Japan is struggling with an epidemic of karoshi: people who are working themselves to death. “A Cabinet Office report issued last month found that employees at 23% of Japanese companies worked 80 hours or more of overtime per month last year. That’s the threshold at which the risk of death from physical or psychological causes is significant, according to the report.” Historians speak of the Protestant work ethic, but Christianity balances its call for diligent work with an ethic which also prioritizes other, competing values, such as rest, family time, and worship. Without that biblical balance, a work ethic becomes just another idol—and idols usually end in human sacrifice, one way or the other.
A good reminder: “The Battle That’s Bigger Than the Culture War.”
This troubling report describes the collapse of support for free speech among Millennials. The rising generation has no sense of the danger of allowing government to determine who may speak and who may not, so they tend to ask whether speech might be hurtful before deciding whether it should be permitted. As I wrote in June, it’s possible to go wrong on free speech in two different directions, and our culture has somehow managed to simultaneously hurtle down both slippery slopes.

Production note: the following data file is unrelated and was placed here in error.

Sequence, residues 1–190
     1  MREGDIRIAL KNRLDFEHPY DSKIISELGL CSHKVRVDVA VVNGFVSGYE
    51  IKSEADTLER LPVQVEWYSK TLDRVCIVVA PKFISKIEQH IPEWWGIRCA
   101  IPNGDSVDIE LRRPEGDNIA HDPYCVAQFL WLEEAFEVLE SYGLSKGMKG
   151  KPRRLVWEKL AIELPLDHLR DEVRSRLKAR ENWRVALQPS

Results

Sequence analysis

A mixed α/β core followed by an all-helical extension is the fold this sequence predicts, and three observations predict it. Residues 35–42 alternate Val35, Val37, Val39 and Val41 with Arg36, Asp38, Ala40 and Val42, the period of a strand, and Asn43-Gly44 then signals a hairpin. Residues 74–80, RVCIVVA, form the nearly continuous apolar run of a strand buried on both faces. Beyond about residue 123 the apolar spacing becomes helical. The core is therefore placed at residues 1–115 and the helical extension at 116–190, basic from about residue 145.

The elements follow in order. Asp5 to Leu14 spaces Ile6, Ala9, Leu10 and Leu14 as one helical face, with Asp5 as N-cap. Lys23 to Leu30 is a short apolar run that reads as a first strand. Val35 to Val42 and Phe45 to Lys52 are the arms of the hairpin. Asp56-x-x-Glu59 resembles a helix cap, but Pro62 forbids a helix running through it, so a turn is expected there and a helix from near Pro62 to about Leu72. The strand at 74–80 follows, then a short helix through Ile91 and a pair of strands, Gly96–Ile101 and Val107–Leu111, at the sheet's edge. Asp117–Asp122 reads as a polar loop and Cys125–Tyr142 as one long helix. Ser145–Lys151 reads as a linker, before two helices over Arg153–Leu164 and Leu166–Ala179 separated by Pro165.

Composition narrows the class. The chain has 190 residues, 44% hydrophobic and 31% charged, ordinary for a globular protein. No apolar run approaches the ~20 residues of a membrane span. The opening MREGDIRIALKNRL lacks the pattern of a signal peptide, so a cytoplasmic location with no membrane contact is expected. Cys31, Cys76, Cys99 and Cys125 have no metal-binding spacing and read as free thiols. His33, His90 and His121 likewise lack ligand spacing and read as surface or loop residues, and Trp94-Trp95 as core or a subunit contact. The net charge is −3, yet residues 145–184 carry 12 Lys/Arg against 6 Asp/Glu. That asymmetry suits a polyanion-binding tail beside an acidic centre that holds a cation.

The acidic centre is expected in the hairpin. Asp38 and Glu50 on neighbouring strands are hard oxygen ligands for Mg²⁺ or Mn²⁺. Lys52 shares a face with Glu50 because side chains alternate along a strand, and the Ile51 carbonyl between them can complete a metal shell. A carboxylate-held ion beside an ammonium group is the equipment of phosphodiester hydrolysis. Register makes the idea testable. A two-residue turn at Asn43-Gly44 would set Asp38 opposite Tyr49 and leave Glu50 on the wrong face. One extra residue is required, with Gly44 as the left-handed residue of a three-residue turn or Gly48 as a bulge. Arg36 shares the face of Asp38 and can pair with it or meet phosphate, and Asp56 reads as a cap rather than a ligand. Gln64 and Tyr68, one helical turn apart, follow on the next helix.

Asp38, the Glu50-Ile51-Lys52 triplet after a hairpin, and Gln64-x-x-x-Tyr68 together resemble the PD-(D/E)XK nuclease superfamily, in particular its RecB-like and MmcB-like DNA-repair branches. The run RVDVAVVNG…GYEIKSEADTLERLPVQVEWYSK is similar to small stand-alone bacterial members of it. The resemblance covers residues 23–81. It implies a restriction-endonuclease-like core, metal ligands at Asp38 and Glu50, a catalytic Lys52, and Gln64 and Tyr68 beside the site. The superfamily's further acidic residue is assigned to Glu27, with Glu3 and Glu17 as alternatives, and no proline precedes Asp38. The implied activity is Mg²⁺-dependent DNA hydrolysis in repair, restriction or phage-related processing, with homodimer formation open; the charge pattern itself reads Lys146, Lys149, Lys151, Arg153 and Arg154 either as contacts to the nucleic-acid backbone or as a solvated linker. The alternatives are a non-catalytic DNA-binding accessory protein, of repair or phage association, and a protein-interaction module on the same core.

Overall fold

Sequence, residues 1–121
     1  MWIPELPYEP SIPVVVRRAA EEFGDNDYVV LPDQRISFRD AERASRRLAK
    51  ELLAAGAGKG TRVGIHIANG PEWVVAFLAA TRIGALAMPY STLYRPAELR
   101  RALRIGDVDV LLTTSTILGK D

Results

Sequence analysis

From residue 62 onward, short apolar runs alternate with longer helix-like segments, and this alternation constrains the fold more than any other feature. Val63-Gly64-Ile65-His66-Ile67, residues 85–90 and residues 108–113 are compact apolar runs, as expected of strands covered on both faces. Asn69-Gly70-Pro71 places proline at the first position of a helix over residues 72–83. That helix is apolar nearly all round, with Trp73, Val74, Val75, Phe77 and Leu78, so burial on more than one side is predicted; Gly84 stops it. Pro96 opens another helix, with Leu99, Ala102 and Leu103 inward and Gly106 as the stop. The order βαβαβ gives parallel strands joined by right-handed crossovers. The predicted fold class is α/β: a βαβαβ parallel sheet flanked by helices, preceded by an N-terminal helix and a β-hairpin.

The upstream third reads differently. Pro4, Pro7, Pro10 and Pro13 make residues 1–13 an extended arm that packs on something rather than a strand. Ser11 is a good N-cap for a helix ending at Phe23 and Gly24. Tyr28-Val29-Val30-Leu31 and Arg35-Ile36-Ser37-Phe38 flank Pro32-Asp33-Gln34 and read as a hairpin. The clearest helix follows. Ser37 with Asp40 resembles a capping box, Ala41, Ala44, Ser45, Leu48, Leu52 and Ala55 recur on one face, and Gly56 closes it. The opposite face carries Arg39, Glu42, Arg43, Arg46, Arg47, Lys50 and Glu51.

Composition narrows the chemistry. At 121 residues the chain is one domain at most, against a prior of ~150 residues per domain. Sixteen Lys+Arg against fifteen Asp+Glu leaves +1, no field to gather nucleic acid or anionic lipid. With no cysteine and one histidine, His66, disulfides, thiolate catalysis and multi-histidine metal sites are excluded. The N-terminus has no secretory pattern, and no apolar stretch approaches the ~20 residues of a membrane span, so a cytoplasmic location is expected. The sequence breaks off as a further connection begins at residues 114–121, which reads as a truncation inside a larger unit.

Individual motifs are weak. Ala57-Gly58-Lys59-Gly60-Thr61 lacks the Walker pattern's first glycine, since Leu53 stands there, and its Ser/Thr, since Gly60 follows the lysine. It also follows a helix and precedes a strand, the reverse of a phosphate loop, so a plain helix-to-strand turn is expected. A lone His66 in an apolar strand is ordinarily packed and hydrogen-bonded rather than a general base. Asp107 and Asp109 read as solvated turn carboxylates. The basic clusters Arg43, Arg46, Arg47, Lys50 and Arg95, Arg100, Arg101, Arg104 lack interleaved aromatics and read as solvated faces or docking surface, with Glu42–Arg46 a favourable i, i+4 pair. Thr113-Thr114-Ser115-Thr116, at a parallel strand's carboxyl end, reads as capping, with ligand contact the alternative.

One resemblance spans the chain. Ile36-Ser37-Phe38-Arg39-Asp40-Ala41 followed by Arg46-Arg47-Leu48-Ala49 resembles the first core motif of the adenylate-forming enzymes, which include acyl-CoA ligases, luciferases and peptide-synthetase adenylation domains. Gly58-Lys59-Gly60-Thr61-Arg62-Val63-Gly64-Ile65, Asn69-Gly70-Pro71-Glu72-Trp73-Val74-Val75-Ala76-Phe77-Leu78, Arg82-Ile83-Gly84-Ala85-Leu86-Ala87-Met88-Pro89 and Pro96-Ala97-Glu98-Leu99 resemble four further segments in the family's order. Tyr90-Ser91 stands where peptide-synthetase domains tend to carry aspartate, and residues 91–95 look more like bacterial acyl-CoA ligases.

Some intriguing observations about the correlation between more institutional/confessional forms of Christianity and opposition to Donald Trump’s candidacy.
I’m not sure whether to be encouraged or depressed by this argument that predictions of the imminent breakup of the Republican party are overwrought.
Stuff I Like (Affiliate Link)